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Auburn’s Malzahn (No Surprise) Opposes Potential Rule Change To Slow Down Offenses

Gus MalzahnIt’s not hard to figure out which coaches will come down on which side of a proposed rule change that would slow college football’s up-tempo offenses.  Defensive-minded coaches like Nick Saban and Bret Bielema back the measure on the basis that playing 100 miles per hour increases the odds that players will be injured.  Up-tempo coaches like Hugh Freeze and Gus Malzahn call “bollocks” and believe the rule to be a weak attempt to slow down a trend that’s put a serious hurt on college football’s defenses.

As a refresher, this writer feels:

 

*  That the uber-up-tempo offenses are more gimmick than strategy.  Some have responded by saying that the Denver Broncos must’ve “gimmicked” their way to the Super Bowl, but that’s a hollow argument.  No professional team — not even Chip Kelly’s Philadelphia Eagles — sprint back to the line of scrimmage after every play.  A hurry-up is one thing, the up-tempo run by Oregon, Auburn and Ole Miss is wholly different.

*  That the injury issue is obvious, just not in the way that defensive-minded coaches have suggested.  I do not buy the argument that winded defensive-linemen are at greater risk of injury.  There’s no evidence to back that up.  However, playing more plays over the course of a game and season obviously does increase the risk of injury.  If I drive five miles and you drive 500, you’re at greater risk of having an accident.  If you swim one day per year and I swim 365 days per year, I’m at greater risk of drowning.  No evidence required on that front, folks, just logic.

*  That there’s nothing wrong with creating a rule to make a college sport more enjoyable.  Before some of you argue that point I’ve got two words for you: shot clock.  In college basketball, the “strategy” known as the four-corners offense was forever nixed with the addition of a shot clock in the 1980s.  If you feel that use of the game clock — slowing things down or speeding things up — is a strategy and not a gimmick and you oppose rules that impact the way teams are allowed to use that clock, then you must be for the rollback of the shot-clock rule in college hoops.  Pretty simple.  Either you support rules change impacting clock use or you do not.  Personally, I feel the four-corners was a gimmick — like the go-go offenses in football today — and that the addition of the shot clock was a good rule change to make the game more appealing.  Likewise, I feel keeping the scores out of the 100s in football is appealing.

 

Malzahn, well, he disagrees.  The man who led Auburn to within a whisker of the BCS Championship wants the whole rule tabled for a year so a “healthy debate” can take place.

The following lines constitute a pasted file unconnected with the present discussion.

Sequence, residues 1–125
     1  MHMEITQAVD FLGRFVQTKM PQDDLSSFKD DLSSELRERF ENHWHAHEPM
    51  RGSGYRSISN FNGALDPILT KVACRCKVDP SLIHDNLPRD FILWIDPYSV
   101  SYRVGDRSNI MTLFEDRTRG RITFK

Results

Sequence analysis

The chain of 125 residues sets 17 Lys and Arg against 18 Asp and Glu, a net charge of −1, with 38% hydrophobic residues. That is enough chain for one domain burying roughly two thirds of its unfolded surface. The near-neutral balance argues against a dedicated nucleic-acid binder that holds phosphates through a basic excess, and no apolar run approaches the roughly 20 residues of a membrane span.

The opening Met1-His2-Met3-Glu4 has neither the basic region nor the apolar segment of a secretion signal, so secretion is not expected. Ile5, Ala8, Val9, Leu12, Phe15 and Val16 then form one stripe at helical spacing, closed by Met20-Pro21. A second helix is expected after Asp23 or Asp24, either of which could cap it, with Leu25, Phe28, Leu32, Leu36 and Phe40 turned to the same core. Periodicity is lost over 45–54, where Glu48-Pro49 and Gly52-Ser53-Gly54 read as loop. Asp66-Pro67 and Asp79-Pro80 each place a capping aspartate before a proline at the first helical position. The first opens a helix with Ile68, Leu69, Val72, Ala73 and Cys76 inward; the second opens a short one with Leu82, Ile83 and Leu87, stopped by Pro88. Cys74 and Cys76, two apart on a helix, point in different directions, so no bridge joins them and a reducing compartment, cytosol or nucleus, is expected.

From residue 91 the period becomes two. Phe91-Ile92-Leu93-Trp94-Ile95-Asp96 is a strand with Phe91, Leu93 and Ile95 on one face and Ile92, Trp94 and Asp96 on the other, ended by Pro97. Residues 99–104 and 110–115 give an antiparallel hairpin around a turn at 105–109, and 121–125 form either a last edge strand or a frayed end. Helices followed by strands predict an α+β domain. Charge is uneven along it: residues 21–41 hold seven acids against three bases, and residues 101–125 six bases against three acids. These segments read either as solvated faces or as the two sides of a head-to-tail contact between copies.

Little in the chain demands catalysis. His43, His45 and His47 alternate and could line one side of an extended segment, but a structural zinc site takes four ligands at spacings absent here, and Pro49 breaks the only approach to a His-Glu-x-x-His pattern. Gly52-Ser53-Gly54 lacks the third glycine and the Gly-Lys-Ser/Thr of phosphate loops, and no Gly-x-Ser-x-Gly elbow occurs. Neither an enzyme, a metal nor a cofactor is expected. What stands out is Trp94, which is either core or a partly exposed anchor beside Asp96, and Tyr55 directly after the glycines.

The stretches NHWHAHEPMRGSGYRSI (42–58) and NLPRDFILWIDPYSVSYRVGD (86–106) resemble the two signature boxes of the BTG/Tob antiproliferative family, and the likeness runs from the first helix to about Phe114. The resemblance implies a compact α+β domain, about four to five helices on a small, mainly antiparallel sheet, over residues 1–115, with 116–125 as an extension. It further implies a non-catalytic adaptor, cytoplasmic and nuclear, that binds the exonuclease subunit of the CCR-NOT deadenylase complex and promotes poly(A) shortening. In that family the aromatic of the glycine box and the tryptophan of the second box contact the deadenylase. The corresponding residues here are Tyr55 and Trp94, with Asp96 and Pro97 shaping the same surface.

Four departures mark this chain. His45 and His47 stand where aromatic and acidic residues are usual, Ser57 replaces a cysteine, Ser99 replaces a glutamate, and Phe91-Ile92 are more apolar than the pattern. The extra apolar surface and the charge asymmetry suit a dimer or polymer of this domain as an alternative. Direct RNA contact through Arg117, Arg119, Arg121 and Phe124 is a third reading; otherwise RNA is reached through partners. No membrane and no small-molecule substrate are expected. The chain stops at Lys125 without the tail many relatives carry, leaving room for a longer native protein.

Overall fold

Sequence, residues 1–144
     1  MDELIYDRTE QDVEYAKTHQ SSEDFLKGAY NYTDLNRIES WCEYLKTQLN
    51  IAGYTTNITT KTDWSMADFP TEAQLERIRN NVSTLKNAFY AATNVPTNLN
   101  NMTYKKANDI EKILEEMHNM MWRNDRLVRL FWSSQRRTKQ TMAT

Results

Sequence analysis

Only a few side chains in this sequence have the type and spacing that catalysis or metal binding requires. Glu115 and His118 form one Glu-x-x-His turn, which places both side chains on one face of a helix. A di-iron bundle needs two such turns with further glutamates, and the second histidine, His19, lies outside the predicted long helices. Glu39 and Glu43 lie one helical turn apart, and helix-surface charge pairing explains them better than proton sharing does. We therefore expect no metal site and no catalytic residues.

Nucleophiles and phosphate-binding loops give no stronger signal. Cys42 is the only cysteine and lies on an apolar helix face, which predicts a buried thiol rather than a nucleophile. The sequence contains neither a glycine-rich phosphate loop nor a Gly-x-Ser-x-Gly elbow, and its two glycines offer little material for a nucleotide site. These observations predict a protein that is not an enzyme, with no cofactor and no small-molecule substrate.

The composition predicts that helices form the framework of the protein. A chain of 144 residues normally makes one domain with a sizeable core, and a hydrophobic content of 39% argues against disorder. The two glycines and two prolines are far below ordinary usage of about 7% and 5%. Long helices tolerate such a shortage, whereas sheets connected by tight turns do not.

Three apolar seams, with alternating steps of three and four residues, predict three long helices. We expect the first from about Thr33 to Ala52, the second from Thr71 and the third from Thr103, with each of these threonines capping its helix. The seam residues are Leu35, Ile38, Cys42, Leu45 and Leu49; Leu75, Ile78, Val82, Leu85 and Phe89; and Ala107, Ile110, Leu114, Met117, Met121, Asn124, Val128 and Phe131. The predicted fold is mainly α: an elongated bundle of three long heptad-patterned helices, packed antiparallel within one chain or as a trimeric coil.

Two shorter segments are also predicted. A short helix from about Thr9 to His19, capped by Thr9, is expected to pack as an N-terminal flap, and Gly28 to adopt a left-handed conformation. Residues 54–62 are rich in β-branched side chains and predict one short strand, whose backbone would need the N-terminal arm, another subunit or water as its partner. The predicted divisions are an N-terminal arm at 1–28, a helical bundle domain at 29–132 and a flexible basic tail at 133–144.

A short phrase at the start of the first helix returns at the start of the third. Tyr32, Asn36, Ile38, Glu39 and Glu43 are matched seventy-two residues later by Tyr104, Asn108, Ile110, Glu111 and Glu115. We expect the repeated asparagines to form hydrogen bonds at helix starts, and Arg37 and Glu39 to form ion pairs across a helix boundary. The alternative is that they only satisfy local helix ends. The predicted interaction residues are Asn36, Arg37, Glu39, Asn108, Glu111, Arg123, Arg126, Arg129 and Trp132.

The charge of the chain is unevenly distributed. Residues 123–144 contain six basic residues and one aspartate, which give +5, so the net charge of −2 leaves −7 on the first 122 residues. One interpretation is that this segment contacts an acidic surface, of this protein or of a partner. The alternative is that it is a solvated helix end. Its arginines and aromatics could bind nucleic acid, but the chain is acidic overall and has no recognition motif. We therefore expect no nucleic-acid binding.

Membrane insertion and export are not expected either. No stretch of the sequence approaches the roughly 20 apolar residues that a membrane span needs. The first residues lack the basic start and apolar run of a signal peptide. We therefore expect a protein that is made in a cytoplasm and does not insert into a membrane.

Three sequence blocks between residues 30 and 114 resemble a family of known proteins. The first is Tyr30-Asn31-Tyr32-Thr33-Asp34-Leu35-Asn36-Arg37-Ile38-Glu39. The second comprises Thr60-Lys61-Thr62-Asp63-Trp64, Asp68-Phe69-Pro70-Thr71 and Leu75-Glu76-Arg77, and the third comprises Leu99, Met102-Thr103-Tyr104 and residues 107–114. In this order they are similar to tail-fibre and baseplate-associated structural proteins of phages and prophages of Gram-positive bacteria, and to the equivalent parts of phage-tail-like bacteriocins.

“There’s absolutely zero evidence, documented evidence, that (it) is hazardous on the pace of play, only opinions,” Malzahn said yesterday.  (Opinions and simple logic, as we pointed out above.)  ”What I asked (Troy Calhoun) to do is move this to next year where it is a rule-change year, that we can hear both sides and have a healthy debate on moving forward with the rules.”

Calhoun — Air Force’s head coach — is the chair of the NCAA football rules committee.  He sounded like a man who agreed with Malzahn while guesting on Tim Brando’s radio show yesterday.  ”If there’s no medical data that can support it, then there’s no way.  There should not be a rule.”

Fair enough.  I also agree with Malzahn that this type of rule shouldn’t be implemented quickly (though it is amusing that in this instance Auburn’s coach is anti-hurry-up).  Let there be debate and data-gathering.

How that data is viewed, however, will be the issue.  Some have already written that “the 20 slowest teams in Year X had more injuries than the 20 fastest teams,” etc.  A better way of determining the impact of playing more plays would be to look at the average number of plays run in the power conferences — those schools having better athletes — and compare them to the number of season-ending injuries.  Are snaps and injuries on the rise in the big boy leagues?  Or is there no connection at all?

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SEC Headlines 2/7/2014

headlines-friSEC Recruiting

1. There are 72 early enrollees across the 14 SEC schools.  Athlon Sports names them all.

2. Why the wait?  LSU has reportedly already received letter of intent from a player who won’t make his announcement until Monday.

3. Grantland’s Holly Anderson spent National Signing Day inside the Tennessee War Room. SI’s Andy Staples does the same.

4. Tennessee hasn’t had a first-team All-SEC running back since 2001.  Will this latest class change that?

5. Does Mark Stoops’ recruiting success mean the balance of power is switching from Louisville to Kentucky in the Bluegrass State?

6. Comments on Texas A&M’s recruiting class mostly focus on quarterback Kyle Allen.

7. Ole Miss picked up two cornerbacks that may be able to play right away.

8. A lot of spots to fill at Florida means the 2014 class will get early opportunities to play.

9. Who are considered some of the biggest “flips” this year in the SEC?

10. Auburn put a focus on signing bigger defensive backs.

11. So should we already declare Alabama the winner of this year’s Iron Bowl?  Not so fast, my friend.